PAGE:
He was candid, relaxed and good-humored, often breaking into his boyish chuckle.
The British actor was dressed in a Neil Barrett jacket, Everlane trousers and Salvatore Ferragamo shoes. “Size nine,” he quipped. He sported a full beard, which prompted the question: Does his wife, singer-actress Amelia Warner, like him with facial hair?
“We should call her and ask,” Jamie dished, his eyes lighting up. “When I first got the script for ‘Fifty Shades Darker,’ which follows four or five days after ‘Fifty Shades of Grey’ ends, I had a stubble. I was like, great (laughs), because I hate shaving more than anything in the world. It’s the biggest bore. I think my wife would prefer me with a beard. I start a movie soon, and they want the beard, so that’s why it’s heavy.”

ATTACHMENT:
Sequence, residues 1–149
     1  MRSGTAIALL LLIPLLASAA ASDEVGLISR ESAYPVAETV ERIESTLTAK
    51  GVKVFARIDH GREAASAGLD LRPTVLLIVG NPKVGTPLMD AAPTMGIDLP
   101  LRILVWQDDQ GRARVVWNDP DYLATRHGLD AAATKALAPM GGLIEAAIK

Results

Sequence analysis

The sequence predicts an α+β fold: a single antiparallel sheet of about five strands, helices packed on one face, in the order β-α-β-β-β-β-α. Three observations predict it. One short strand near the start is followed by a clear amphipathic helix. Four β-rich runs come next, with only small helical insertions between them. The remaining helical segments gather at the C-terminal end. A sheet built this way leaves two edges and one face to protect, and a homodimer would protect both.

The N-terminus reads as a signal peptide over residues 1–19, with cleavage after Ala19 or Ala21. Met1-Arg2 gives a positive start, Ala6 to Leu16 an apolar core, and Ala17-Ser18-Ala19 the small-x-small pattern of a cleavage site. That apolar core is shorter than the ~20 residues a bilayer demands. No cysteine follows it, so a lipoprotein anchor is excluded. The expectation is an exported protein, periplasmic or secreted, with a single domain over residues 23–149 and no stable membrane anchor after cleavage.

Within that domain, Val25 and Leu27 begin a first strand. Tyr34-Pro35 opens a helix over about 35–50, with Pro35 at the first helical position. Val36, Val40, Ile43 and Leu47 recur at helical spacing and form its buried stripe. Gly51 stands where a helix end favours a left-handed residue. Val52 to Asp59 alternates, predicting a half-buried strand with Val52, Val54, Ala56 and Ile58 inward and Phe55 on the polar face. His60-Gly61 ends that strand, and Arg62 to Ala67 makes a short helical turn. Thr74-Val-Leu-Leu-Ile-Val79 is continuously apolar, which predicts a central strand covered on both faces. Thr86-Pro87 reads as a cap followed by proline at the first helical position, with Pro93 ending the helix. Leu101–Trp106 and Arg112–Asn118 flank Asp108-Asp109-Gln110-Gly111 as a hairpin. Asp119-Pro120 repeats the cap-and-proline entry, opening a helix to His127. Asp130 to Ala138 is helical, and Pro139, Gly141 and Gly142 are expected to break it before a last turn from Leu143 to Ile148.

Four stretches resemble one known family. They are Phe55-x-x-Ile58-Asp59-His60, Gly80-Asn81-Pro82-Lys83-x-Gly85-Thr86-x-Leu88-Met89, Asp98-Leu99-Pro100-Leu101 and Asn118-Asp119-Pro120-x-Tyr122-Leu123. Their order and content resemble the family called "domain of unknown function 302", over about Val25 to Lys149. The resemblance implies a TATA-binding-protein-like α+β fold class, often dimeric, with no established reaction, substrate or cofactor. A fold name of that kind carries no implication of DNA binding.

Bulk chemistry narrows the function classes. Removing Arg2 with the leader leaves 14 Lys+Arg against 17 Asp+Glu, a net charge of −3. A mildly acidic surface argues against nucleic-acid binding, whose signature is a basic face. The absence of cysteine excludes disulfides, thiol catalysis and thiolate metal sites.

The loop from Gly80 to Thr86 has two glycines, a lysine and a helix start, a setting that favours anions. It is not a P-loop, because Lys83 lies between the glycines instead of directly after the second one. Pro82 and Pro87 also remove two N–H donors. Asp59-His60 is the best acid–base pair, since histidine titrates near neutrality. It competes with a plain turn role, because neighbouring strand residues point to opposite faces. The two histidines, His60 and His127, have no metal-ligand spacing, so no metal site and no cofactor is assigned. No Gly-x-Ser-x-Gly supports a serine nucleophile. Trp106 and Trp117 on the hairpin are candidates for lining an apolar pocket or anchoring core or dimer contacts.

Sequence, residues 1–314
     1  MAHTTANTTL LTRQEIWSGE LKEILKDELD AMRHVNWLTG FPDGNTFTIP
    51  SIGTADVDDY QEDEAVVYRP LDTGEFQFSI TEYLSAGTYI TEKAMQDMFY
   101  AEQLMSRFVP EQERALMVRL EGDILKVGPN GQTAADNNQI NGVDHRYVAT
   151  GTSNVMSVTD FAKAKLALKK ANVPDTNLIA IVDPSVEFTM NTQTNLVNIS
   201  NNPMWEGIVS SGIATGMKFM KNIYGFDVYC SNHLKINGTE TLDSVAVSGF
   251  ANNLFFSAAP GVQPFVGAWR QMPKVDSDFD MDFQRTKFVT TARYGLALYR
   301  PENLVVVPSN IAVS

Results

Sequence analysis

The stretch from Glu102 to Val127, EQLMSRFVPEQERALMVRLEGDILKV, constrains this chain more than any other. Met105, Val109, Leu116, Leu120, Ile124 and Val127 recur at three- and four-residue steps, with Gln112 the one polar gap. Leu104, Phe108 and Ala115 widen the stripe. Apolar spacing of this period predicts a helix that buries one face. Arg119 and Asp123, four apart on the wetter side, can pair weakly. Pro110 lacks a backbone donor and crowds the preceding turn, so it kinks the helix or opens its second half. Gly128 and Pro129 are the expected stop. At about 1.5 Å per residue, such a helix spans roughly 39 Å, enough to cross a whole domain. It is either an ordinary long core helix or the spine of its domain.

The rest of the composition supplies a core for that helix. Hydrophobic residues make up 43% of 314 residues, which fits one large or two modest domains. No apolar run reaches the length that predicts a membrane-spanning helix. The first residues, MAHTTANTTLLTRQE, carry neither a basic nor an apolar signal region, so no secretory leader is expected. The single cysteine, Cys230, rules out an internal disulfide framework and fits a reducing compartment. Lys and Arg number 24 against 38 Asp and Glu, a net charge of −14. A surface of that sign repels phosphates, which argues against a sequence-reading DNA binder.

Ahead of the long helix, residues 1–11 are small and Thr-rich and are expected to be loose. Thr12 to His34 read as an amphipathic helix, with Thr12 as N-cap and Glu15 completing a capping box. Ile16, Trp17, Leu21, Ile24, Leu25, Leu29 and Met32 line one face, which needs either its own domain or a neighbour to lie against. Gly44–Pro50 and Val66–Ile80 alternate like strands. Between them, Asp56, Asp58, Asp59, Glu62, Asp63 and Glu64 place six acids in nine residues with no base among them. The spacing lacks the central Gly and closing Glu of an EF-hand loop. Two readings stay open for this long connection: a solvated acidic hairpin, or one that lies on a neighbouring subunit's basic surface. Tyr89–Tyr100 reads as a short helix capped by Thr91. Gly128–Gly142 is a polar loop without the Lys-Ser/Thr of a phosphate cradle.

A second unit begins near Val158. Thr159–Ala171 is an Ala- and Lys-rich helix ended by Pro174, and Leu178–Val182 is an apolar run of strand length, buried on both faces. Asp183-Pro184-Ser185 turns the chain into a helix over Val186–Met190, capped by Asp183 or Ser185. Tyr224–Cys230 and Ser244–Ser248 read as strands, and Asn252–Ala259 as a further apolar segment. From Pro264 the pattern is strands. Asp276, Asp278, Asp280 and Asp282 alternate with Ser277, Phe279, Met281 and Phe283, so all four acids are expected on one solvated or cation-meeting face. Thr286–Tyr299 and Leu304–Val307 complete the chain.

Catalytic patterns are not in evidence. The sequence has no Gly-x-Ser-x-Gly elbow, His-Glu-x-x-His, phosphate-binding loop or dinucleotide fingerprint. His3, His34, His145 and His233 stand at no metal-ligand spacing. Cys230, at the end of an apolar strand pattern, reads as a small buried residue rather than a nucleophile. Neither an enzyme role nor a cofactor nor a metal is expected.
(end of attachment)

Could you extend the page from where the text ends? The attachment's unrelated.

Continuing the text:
Asked about his reaction to reports that he has been fired from the two next “Fifty Shades,” even though these two movies had already been completed, Jamie joked again, “I’ll go check.”
He added, “Dakota (Johnson) and I were contractually obligated to make three movies, and we shot [parts] two and three back-to-back, so filming is finished.”
In between sips of coffee and bottled water, Jamie talked about “The Fall,” the TV series where he plays Paul Spector, a serial killer; Dakota Johnson and their next two “Fifty Shades” films, where he reprises his Christian Grey character; “The Siege of Jadotville,” where he portrays Irish Commandant Pat Quinlan in early 1960s Congo; his life with Amelia and their two daughters in a country house in Somerset, South West England.